Beijing Commune (798 Art District 4 Jiuxianqiao Road Chaoyang District Beijing 100015), Jun 15—Aug 6, 2016
A fairytale wonderland is not only the exuberant paradise that children imagine, but also a utopia that adults under heavy worldly burdens might aspire to reach. Over one hundred years ago, one of the all-time literary classics by English writer Lewis Carroll, Alice in Wonderland, was adapted into different formats by the American Walt Disney Company; today, it remains a bottomless source of inspiration for popular fantasy culture. The huge Wonderland Amusement Park in Changping, Beijing, which stands unfinised and abandoned, epitomises theme park construction projects that sprang up in haste all over the country at the beginning of the 1990s, when leisure and recreation began gaining popularity among the salariat.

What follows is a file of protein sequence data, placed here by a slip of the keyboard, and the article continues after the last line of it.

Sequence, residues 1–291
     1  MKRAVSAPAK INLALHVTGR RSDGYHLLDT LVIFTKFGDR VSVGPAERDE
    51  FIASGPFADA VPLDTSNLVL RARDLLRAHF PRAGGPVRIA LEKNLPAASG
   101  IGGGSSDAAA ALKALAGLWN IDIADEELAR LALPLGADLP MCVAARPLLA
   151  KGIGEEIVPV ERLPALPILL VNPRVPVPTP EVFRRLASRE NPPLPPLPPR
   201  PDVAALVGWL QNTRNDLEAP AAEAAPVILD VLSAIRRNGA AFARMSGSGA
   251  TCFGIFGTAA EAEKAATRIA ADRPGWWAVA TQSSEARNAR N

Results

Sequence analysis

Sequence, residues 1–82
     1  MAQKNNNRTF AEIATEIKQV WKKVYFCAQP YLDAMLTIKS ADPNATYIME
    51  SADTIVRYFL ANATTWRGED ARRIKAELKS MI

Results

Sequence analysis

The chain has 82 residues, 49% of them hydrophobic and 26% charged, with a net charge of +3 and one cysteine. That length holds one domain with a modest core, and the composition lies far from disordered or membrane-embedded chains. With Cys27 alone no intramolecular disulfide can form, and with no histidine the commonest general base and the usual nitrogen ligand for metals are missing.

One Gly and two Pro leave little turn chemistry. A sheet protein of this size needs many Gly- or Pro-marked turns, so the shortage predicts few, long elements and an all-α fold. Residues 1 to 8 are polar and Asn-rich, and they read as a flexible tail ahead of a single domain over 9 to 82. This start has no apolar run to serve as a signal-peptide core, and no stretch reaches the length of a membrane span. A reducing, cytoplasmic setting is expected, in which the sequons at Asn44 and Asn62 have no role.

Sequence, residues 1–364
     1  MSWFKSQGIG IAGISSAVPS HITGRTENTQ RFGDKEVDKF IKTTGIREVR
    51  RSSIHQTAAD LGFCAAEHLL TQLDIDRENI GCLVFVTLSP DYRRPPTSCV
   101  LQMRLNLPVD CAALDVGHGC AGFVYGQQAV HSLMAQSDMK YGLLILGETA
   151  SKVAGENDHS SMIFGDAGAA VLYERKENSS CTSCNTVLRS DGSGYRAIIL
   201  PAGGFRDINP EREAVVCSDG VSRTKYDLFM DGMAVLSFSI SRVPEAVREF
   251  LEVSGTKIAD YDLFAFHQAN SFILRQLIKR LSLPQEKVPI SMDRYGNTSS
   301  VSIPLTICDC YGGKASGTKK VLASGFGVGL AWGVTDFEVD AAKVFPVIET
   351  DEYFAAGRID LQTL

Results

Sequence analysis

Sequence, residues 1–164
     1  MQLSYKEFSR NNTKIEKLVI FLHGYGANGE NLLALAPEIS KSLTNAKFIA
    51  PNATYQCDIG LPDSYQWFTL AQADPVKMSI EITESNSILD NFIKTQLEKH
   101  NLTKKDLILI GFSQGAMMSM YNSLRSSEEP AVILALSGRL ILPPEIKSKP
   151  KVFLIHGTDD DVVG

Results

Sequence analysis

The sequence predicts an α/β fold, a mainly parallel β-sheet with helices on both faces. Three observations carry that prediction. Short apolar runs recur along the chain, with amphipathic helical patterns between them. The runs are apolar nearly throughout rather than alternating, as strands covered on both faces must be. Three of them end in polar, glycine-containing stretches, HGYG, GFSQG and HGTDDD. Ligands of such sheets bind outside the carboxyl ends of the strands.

The artwork bearing the same name, “Wonderland” (2016), features a rectangle formed with shattered pieces of concrete blocks wrapped in nylon stockings resembling the map of an unknown country, and takes up nearly the entire floor of the main exhibition space inside Beijing Commune. The concrete pieces of various sizes easily take one back to Beijing in the 1990s—an environment under constant demolition and construction. Modeling the architecture after European castles, such as was projected for the Wonderland Amusement Park, was in vogue for a while. This not only answered demand among the city’s increasingly better-off residents to consume more advanced cultural codes, but also signaled the expansion of urban desire and imagination. As for the nylon stockings that were popular in the 1980s and 1990s, their color looks rather dull for today’s taste, and their material ill-equipped to highlight the beauty of curvy female legs. And yet, at the early stage of the reform era, these garments epitomized trend-chasing women’s cautious quest for their long-concealed physical attributes. The innovations in fashion that came with political loosening and liberation of the mind signified the liberation and rediscovery of the body. The texture of nylon tightly wrapped around the skin, when compared with the monotonous dungarees and polyester that came before, was an easier locus for storing private memories of the female body. This was before the fairy tales of pleasant sensation created by advertising and vogue engulfed everything—the body that had been newly returned to women was still a new mine yet to be explored—a brand new wonderland in itself.